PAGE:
A Piece of Cake: Foreshadowing in my Own, Real Life

Today is my birthday. In the world as we know it, birthdays and cake are synonymous. In the world of An Expected End, my novel manuscript, deathdays and cake are also synonymous. In fact, cake features pretty prominently throughout the story. Marshall learns his deathday at Shyndigz, a real bakery in Richmond, Virginia. And although he is eating their signature oatmeal cream pies, as opposed to cake, while he dials into the Hotline to get his official Date of Departure (DoD), Shyndigz is also known for one of my favorite menu items, their salted chocolate caramel cake.

Cake also features in the story when Marshall’s colleagues, much to his chagrin, surprise him with an office deathday party, complete with deathday cake.

Marshall is eating the last piece of his birthday cake when he realizes how knowing his deathday has changed his perspective on life and the way he lives it: Life is like a piece of cake; he savors each bite, but knows each bite moves him closer to the last bite, and ultimately, to no more cake.

Perhaps one of the most important roles cake plays in the manuscript is that of being the reason Marshall meets Penelope. He goes to her bakery, The Cakery, a fictional bakery in Richmond, to pick up a deathday cake for a colleague’s office deathday party. Later, on his thirtieth birthday, he revisits The Cakery to purchase himself a birthday cake, which is really just an excuse to see Penelope again. He is eating the last piece of that birthday cake when he realizes how knowing his deathday has changed his perspective on life and the way he lives it: Life is like a piece of cake; he savors each bite, but knows each bite moves him closer to the last bite, and ultimately, to no more cake.

In its final role in the manuscript, cake features again when (**spoiler alert**), after Penelope has died, Marshall bakes a birthday cake from one of her recipes for their daughter, Evergreen’s, birthday.

Recently, cake has also featured prominently in my own, actual life.

Sunday, my husband came home from mountain biking in Richmond with our nephew. “I stopped at Shyndigz on my way home,” he told me.

“What did you get?” I asked.

“Oatmeal cream pies.”

“What else did you get?” I asked, taking for granted that he also brought back a piece of salted chocolate caramel cake for me.

“Nothing.”

Surely, he was pulling my leg.

“No, seriously. What else?”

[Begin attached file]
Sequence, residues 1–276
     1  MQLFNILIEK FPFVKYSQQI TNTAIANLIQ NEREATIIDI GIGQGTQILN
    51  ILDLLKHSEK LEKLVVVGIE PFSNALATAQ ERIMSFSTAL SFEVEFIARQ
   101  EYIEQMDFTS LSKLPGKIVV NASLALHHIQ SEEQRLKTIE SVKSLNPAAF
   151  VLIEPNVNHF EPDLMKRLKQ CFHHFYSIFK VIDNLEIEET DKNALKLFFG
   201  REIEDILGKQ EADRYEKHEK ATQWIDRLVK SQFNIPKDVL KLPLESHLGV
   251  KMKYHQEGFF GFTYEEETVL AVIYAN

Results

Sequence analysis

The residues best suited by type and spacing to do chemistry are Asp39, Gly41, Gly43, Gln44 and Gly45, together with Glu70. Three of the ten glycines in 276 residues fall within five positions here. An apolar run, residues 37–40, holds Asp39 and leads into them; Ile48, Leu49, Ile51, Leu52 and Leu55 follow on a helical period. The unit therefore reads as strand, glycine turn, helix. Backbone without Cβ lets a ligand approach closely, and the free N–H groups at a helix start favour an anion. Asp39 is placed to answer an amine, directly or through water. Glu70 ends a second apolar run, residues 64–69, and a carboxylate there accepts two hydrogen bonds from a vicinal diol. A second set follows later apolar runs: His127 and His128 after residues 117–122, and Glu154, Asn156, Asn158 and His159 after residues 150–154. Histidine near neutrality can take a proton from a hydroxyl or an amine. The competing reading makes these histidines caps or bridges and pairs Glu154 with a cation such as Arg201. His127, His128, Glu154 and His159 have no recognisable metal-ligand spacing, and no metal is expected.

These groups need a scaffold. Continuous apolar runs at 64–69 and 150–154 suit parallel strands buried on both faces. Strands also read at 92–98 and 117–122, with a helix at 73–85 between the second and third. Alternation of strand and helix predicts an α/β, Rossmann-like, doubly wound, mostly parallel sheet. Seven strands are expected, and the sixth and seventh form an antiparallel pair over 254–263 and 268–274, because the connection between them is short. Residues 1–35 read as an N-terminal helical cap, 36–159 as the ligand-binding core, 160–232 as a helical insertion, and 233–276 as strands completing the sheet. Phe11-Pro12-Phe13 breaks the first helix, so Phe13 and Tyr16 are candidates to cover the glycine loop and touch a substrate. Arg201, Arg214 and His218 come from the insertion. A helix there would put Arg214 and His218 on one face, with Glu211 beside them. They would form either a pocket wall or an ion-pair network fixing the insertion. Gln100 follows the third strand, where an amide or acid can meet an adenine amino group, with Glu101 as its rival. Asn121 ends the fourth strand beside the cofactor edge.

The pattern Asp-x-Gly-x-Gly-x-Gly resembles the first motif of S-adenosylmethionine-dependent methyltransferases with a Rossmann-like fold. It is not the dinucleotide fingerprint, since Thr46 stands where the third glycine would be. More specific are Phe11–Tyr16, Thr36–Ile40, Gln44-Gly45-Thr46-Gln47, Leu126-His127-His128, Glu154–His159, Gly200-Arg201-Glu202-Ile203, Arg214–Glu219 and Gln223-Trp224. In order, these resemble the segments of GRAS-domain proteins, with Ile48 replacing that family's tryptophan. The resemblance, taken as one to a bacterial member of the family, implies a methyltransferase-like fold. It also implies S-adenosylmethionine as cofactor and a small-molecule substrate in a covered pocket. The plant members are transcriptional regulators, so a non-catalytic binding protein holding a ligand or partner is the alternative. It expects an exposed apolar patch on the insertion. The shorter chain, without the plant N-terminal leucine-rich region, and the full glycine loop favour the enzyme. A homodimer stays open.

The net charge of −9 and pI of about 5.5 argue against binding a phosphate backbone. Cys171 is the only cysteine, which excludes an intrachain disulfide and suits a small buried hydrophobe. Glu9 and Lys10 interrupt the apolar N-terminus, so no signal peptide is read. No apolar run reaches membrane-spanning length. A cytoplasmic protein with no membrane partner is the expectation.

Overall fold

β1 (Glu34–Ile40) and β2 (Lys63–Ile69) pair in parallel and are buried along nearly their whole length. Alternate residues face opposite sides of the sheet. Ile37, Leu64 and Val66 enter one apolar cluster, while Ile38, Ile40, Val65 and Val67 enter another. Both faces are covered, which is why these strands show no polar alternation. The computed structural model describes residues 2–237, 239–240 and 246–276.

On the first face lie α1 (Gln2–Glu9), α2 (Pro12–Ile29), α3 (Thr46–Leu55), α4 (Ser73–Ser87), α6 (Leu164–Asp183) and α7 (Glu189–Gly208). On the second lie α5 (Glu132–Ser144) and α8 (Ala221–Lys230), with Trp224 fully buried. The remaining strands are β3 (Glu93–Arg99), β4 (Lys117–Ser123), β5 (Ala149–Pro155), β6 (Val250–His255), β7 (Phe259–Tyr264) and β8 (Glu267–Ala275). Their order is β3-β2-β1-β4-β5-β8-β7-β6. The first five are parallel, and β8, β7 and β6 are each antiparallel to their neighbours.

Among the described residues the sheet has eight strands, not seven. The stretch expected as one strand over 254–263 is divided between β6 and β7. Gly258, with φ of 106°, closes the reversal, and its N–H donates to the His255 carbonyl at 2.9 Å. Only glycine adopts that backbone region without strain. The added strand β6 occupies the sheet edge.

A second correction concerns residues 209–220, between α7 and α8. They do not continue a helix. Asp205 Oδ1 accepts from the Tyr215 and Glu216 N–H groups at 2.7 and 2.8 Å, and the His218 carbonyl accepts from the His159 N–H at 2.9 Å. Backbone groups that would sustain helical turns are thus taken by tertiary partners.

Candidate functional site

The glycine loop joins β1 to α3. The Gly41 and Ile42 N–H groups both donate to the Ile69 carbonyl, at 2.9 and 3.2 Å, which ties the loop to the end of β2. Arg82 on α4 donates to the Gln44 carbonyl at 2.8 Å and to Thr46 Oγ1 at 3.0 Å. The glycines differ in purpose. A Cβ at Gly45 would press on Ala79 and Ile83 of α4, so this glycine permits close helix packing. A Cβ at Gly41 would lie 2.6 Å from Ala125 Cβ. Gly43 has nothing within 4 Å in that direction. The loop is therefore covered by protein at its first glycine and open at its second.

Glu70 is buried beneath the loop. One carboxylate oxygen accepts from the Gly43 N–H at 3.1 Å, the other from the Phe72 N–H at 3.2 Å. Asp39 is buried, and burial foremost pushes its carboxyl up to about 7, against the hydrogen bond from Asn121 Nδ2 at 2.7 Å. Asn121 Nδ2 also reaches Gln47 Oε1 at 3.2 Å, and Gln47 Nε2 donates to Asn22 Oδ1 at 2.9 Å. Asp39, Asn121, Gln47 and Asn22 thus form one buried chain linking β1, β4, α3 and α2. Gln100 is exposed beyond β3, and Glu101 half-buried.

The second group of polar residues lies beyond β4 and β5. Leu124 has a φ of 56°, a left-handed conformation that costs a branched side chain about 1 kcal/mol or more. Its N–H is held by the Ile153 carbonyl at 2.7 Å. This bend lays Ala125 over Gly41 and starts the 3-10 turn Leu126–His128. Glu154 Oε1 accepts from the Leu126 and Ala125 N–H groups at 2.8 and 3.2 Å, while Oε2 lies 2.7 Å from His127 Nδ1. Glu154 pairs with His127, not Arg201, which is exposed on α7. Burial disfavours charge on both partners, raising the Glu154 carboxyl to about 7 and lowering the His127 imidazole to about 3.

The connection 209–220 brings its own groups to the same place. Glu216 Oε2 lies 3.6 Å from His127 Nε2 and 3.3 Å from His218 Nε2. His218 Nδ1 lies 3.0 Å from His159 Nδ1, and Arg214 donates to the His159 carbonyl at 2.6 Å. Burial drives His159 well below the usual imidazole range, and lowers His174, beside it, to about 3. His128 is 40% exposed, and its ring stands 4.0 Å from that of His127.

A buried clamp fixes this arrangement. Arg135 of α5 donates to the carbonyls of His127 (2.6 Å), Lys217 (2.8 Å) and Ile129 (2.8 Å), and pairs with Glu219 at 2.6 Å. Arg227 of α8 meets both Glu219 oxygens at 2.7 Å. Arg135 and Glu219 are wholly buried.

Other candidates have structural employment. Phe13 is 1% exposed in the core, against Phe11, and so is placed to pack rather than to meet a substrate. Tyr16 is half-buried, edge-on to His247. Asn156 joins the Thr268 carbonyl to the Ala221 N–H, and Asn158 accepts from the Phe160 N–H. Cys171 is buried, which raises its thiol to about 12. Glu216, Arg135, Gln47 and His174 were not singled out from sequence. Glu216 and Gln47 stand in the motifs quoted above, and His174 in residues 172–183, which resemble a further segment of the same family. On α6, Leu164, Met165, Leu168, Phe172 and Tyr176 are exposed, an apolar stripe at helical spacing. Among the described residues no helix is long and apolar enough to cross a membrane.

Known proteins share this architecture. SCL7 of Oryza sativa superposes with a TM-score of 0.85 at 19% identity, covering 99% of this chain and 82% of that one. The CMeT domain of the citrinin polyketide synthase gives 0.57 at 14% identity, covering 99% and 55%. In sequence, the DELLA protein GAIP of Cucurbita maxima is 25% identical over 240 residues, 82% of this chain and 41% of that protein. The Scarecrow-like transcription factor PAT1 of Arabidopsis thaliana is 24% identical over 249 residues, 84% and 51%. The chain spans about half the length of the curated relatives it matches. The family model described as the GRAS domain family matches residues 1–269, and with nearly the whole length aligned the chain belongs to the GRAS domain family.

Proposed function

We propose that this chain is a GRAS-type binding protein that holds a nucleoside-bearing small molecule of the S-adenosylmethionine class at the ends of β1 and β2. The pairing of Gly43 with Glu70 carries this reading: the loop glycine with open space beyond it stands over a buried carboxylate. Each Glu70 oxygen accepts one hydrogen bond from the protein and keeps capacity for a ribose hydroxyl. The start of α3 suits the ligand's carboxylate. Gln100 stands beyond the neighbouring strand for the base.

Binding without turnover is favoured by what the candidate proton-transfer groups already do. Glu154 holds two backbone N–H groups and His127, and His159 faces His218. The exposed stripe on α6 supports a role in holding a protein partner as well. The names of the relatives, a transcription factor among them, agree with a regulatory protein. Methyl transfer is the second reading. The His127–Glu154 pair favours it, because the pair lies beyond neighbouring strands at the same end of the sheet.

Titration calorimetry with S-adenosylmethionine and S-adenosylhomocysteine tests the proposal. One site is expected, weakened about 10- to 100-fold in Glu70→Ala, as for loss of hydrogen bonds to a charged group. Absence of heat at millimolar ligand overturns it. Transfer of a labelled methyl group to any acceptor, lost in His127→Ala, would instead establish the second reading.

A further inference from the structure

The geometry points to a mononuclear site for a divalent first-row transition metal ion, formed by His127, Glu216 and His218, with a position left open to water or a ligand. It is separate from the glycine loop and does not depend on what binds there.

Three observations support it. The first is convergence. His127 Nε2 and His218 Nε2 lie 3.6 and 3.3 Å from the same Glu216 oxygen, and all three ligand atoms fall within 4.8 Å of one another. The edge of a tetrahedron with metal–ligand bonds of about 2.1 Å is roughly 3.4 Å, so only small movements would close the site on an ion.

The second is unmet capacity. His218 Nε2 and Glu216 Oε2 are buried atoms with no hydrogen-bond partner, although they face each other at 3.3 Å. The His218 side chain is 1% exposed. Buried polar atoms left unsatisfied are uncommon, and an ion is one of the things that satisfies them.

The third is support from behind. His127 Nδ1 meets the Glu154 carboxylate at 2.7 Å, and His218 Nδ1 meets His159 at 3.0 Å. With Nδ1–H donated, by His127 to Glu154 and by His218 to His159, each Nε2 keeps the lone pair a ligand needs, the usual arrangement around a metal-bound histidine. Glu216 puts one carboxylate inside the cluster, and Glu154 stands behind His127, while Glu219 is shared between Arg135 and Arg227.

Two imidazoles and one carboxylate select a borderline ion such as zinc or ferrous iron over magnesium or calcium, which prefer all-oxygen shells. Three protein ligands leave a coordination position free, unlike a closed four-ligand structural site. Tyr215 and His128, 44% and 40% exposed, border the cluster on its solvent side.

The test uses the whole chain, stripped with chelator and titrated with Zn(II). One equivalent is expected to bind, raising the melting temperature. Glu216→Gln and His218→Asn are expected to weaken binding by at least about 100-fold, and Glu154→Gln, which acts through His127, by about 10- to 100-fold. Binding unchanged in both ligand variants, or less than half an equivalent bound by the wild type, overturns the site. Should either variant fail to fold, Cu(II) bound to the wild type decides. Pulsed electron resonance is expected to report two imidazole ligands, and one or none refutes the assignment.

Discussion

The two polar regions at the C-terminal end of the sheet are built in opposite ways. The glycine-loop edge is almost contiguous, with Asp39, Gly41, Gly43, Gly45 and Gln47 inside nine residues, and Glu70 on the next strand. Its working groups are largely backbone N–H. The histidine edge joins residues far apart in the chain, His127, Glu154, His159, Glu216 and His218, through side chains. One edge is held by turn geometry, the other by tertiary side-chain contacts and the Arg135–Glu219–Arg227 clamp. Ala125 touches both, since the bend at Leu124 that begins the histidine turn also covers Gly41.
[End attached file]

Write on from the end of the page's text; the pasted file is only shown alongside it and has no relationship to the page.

“No, seriously. Nothing.”

I waited for him to break down, and admit, cackling, that a piece of cake waited for me on the kitchen counter. When he didn’t, “What?” I said.

“I didn’t get anything else.”

On New Year’s Eve, the fifth day after The Day I Did Not Get Cake, the doorbell rang just as it was getting dark outside. When I answered it, my husband was standing on the front porch, holding out a plastic container in which rested the perfect piece of Shyndigz salted chocolate caramel cake.

“You didn’t get me any chocolate cake?” I was incredulous, still sure he must be kidding, dragging the joke out as long as he could.

“No. Really. I’m not lying to you. I was in a hurry and I just didn’t think to get any cake.”

“Are you serious? You went to Shyndigz and didn’t get me any cake?”

He laughed at the utter shock that must’ve been on my face. “Sorry?” He was still laughing.

For the course of the the week, I lost no opportunity to remind him of the fact that he had gone to one of my favorite bakeries where they make one of my favorite cakes, and neglected to bring a piece home to me. I must’ve found a way to work his negligence into every single day at least twice.

On New Year’s Eve, the fifth day after The Day I Did Not Get Cake, the doorbell rang just as it was getting dark outside. When I answered it, my husband was standing on the front porch, holding out a plastic container in which rested the perfect piece of Shyndigz salted chocolate caramel cake, complete with a to-go cup of extra salted caramel spread. During his lunch break, he had driven downtown to get me my long-awaited piece of cake. He has been forgiven.

I let him in and set the cake down on the counter, every intention of savoring it after the Chinese takeout we’d ordered for dinner with a couple friends. As we finished our lo mein and rice and pot stickers and egg drop soup, I eyed the piece of cake on the counter. But before I could eat that: New Year’s Eve fortune cookies. We each cracked open our fortune cookie and shared the fortune within with the rest of the table. Mine? “A piece of cake is awaiting for you.” Forgiving the misuse of “awaiting,” never has there been a truer fortune. Just a moment later, I was sinking my fork into the moist chocolate cake, savoring the thick chocolate icing and salty caramel goodness of the slice.

Today, being my birthday, is also likely to involve cake in some capacity, at some point.

And I’m hoping my New Year’s Eve fortune holds a longer-range, figurative meaning in addition to its immediate, literal one. I’m hoping it’s prophetic, foreshadowing that my manuscript, rife with pieces of cake, will achieve publication this year–will become a real book, one I can hold in my hands, flipping through its pages, savoring its existence the way I do a piece of chocolate cake.